America’s Cup Spectating
Hubby and I have been lucky enough to experience America’s Cup spectating in two different countries.
And let me just say, we are not sailors. I wouldn’t even know where to start.
We don’t live remotely near a coastline.
Maybe that’s what sucked me in? The talent and expertise required for this expensive competition makes it all the more thrilling. Or maybe it’s the gorgeous weather and a quick trip to the host city…
Anyway, this legendary sailing race was deemed the America’s Cup in 1851 when America won the cup from the British. The trophy didn’t leave America again until 1983. Legend has it, that by that time, the trophy was bolted down and had to be dis-assembled in order to hand it over to the Australian winners that year.
It all started for our family in the fall of 1999 (pre-kids) when we were on a trip around Australia, New Zealand and Tahiti. On one of our days in Aukland, New Zealand, we wandered around the harbor area and saw the promotional signs for the America’s Cup. So we asked around until we found a boat that would take us to the competition out on the water.
Back in those days, they used single hull ships that wove in-between the spectator boats jockeying for the starting line. The competition was not something you could view from the shoreline. So with news crews and other sightseeing boats on the harbor, we became America’s Cup spectators. You could hear the creak of the hull, the shouts of the crew, and the raising of the sails. I was shocked at how close you could get to the boats as they raced. Hubby was hooked.
Fast forward to 2013 and the America’s Cup race was coming back to the United States, for the first time in a long time. The crazy thing about the America’s Cup is that the winner sets all the rules for the next cup. So I could tell you how it all works, but it would just change again. In an effort to raise awareness and spectator numbers, the racing took place in the San Francisco bay, so you could view it from the shore! Talk about a game changer. And the boats were 62 foot catamarans that foiled at speeds of up to 55 mph.
Lat fall, we were so determined to see the racing, we flew out to San Francisco on September 11th and flew home on Friday the 13th. I guess we’re not superstitious! After learning from our experience in two different cities, below are my top tips for attending the America’s Cup:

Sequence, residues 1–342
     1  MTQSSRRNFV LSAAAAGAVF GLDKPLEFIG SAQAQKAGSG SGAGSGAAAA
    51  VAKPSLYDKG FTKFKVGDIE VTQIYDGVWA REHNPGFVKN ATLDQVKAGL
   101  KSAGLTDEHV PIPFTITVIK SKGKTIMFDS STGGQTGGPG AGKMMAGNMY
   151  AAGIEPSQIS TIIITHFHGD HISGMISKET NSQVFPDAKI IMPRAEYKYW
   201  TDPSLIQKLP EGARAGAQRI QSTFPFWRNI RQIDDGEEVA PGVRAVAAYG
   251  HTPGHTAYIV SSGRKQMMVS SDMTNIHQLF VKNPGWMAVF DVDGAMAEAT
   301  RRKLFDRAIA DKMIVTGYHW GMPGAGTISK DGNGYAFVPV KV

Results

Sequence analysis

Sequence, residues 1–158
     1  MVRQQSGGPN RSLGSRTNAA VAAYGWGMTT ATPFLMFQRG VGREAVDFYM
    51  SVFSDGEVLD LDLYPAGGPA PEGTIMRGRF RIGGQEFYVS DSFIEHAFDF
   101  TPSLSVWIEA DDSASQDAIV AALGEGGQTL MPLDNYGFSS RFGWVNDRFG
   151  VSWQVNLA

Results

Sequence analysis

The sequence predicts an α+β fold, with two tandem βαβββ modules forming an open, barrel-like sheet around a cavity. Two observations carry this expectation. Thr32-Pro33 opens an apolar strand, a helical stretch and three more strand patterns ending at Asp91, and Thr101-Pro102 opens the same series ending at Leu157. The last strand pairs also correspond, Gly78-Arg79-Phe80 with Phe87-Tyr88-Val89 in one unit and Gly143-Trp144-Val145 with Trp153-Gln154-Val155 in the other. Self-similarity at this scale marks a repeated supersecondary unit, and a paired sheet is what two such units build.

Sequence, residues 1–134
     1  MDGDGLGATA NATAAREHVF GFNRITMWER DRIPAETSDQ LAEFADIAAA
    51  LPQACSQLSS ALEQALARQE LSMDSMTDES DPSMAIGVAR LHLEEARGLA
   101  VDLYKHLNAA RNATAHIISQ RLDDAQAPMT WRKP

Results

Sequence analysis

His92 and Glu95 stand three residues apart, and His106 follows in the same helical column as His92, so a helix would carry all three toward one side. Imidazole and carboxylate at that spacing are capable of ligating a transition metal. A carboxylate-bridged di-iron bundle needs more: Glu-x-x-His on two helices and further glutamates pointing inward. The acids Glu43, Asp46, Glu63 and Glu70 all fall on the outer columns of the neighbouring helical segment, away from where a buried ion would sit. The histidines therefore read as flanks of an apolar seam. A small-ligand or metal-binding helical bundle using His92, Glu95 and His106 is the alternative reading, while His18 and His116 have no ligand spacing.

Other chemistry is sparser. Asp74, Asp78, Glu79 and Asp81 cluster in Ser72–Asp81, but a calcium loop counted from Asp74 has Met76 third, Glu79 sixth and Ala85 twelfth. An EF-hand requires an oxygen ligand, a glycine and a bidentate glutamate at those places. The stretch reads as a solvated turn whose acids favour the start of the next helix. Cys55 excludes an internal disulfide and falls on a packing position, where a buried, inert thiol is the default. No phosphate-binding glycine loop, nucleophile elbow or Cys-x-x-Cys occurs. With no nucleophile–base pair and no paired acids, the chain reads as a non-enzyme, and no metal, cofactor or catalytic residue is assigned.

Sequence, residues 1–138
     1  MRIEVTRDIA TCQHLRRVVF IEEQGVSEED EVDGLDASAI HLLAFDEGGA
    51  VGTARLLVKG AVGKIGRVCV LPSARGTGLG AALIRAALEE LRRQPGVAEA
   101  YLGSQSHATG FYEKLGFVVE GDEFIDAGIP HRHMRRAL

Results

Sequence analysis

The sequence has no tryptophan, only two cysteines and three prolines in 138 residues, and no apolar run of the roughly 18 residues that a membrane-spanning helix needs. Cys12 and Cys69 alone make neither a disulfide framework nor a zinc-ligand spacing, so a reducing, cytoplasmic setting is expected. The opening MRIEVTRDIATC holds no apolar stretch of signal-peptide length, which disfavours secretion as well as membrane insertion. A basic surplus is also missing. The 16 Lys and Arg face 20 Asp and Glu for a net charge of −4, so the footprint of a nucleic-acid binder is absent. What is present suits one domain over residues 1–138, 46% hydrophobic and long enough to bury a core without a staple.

#1 – Make your attempt to see Americas Cup racing over several days. They can cancel races due to not enough wind, too much wind, you name it. We lucked out that the weather was perfect for racing the one day we were there to watch. I was definitely anxious about the weather right up until race time. Save yourself the stress and give yourself a few days to see this amazing competition.
#2 – Get out on the water during the races. In New Zealand, we were out on a boat and it was magical. In San Francisco we bought tickets to a viewing rooftop. While it was a fun party, the planners were clearly not big sailing afficianados, and the seating for viewing the race was pathetic. We did get a broader view of the entire race, and it was interesting since the race had never before been viewable from the shore. Overall, spectating boat rides are expensive, but well worth it, in my opinion.
#3 – Don’t wait till the bitter end. Although everyone wants to attend the final rounds, there might not be that many races. We saved our trip for one of the last guaranteed scheduled races. If either racing team gets swept (kinda like the World Series for baseball), and the Cup finishes early, you’d hate to have a trip scheduled for the following week.
#4 – Make time to visit the fan village. Several of the piers were set up for an entire fan experience. There were shops, restaurants, wine tastings, viewing platforms, example boats, bars, and even lounging green spaces with big screens for spectators. We even stopped by in the afternoon on a non race day and still had a great time. I’m hoping that the fan village is only improved upon in the new host city in 2017.
#5 – Bring Binoculars. The boats move a lot faster than they used to, so it can be hard to get a good look at the action. I won’t admit that maybe my eyesight and age have anything to do with this tip.
Even though we weren’t out on the water this time during the races, we did get out on the water earlier that morning. We sailed with ACSailingSF on the Oracle single hull boat that raced in some of the 2003 America’s Cup. I’ve written about the ACSailinSF experience (on a different trip) with our son Bo, here.
As our older boat was heading in to the marina area, both new team boats sailed by to get warmed up and set up for the race that afternoon. They came within 50 feet of our boat! We cheered and yelled our support for Team Oracle, and many of them cheered and shouted back. It’s amazing how well the noise carried over the water.
I felt like we were right there with them. We were in an old Oracle single hull boat, they were in the fancy new Oracle catamaran boat. Hubby was grinning from ear to ear. So when we were back at home, watching the rest of the races together via the internet, we felt like we had done our part for the American team. I’m not saying that’s why Team Oracle staged the biggest comeback in sailing history to beat Team New Zealand 9-8. Woohoo!! At least not out loud.
As of this writing, the winners (Team Oracle) have not decided on a city for the next race in 2017. Although, they have narrowed it down to San Diego or Bermuda. I can’t wait for the gorgeous weather and a quick trip to one of those places…